The cure for cults that want to deny others
their freedom of speech is more freedom of speech
-- Fredric Rice

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Creationist Cults

The notoriously bizarre Institute for Creation Research (sic) cult routinely publishes equally bizarre religious notions which they wish to pretend are some how scientific. This text file takes some of the cult's own bizarre publications and takes a look at them in extract to show just how nutty (verging on the insane) these "Modern Day Flat Earth Society" nuts actually are.

Copyright by The Skeptic Tank, 2002, all rights reserved. Permission is granted to disseminate this criticism freely provided no fees or costs are associated with the document's free distribution among academia and the lay public.


Ah, I had been anticipating getting around to this stupidity. I'm so glad I had the time to address this nuttiness since it's one of my most favored of creationist stupidities. I speak of none other than the brain dead morons who think there's a mystical magical boat out there somewhere in the world within which a bunch of people and a whole hell of a lot of animals rode out some kind of world-wide global flood.

You would not believe the profoundly disturbed individuals that have come through the FidoNet HolySmoke echo forum claiming that there's a "Noah's ark" resting on a mountain top somewhere. And they all like to demand that it's been repeatedly found, visited, even photographed by satelites. And the reason why nobody thinks to present this amazing find? Well most claim that it's a conspiracy. Some suggest that scientists "wouldn't believe it anyhow" so they're free to not even bother presenting the location of this amazing find.

Turkey has such a problem with cultists coming to their country and walking all over the mountains looking for this stupid notion that they enforce bans on these nutters. Cultists immediately demand that it's part of the conspiracy to keep the truth out of the public schools, of course, yet the government of Turkey has had their fill of cultists getting held up and killed by bandits who go into the mountains and hills looking for religious nuts to waylay that they imposed bans and restrictions. And if bandits aren't enough the Turkish government has been forced to get out there and rescue "ark hunters" from a variety of stupid hazards cultists get themselves into while walking around the mountains.

Dr. Martin Leipzig is a paleontologists who sold out to the oil business and has spend considerable time all over the world and has made friends in Turkey. His exploits have been written up and are available on The Skeptic Tank and I'd encourage you to look for them since they're not only highly amusing, they delve into what Turkey has to think about Christian cultists that suffer under the delusion that there's a magical boat somewhere in their country.

-- Begin quoted text in extract -=-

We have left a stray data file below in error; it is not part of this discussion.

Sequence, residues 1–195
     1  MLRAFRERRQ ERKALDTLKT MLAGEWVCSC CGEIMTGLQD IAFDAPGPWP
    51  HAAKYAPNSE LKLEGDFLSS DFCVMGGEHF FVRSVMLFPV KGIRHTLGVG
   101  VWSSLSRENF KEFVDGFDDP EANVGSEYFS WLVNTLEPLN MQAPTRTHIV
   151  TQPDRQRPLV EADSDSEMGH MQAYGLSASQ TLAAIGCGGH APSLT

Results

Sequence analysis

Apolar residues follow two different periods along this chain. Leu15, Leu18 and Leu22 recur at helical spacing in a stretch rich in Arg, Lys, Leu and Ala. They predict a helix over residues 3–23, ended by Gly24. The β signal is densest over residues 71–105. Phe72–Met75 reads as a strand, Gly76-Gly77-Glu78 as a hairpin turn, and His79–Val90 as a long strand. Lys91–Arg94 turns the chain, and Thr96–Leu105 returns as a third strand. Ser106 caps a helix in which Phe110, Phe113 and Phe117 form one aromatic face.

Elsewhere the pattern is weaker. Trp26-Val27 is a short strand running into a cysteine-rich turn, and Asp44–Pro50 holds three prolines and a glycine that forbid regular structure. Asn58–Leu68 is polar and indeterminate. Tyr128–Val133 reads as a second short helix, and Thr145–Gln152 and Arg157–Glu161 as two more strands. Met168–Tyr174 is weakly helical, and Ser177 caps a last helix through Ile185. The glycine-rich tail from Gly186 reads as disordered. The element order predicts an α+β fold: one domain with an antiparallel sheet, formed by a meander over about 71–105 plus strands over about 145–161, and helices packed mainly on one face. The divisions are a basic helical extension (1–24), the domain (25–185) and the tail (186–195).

Since the search for the Ark began in the 1940s, evidence has continued to mount that the remains of a barge-like structure still exist somewhere on Mt. Ararat in eastern Turkey.

-=- End quoted text in extract

Sure it does, George. Sure it does. It's invisible, right?

-- Begin quoted text in extract -=-

This evidence consists primarily of reports by individuals who claim to have seen the Ark.

-=- End quoted text in extract

Yeah, individuals who some how can never seem to find it again when people who are capable of thinking are anywhere in the area. We'll fast forward:

-- Begin quoted text in extract -=-

The Bible claims that "the Ark came to rest on the mountains of Ararat..."

-=- End quoted text in extract

Yes, the Christanic mythologies are filled with myths, all of them equally mythological. In the previous versions of the Epic of Gilgamesh from which this flood mythology comes the magical boat comes down elsewhere. In the Summarian myologies it was a seed pod, not a boat. A _big_ seed pod, you understand.

-- Begin quoted text in extract -=-

The Bible tells us something of the construction of the Ark...

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Yes, and it's amazing that anybody actually believes it.

The ICR nut continues:

-- Begin quoted text in extract -=-

My first trip to eastern Turkey was in 1971, and I have returned twelve times since, the last being in 1989. Some expeditions have been more successful than others, but each has been an adventure. The difficulties primarily lie in gaining access to the mountain from the central government, and in dealing with local officials.

-=- End quoted text in extract

Yes, the "difficult" government keeps having to rescue these idiots from their own stupidity. The claim that some "expeditions" have been "more successful than others" is a strange claim. Is this ICR nut actually claiming that previous "expeditions" have actually found this magical boat?

-- Begin quoted text in extract -=-

Interestingly enough, there are a few individuals who claim the Ark has already been found.

-=- End quoted text in extract

Yes, delusional fools abound, it seems. Funny they have no evidence, isn't it? One wonders whether these cultists also travel the world looking for Wonder Woman's magic invisible airplane. No difference.


Any text written by the creationist cult which may be quoted within this criticial examination of the creationist cult is provided according to U. S. Code Title 17 "Fair Use" dictates which may be reviewed at http://www4.law.cornell.edu/uscode/17/107.html


"You can lie about ICR all you want." -- Jason Daniel Henderson

"Thank you for your permission however there's never any need to.
Creationist propaganda is already self-debunking." -- Fredric L. Rice

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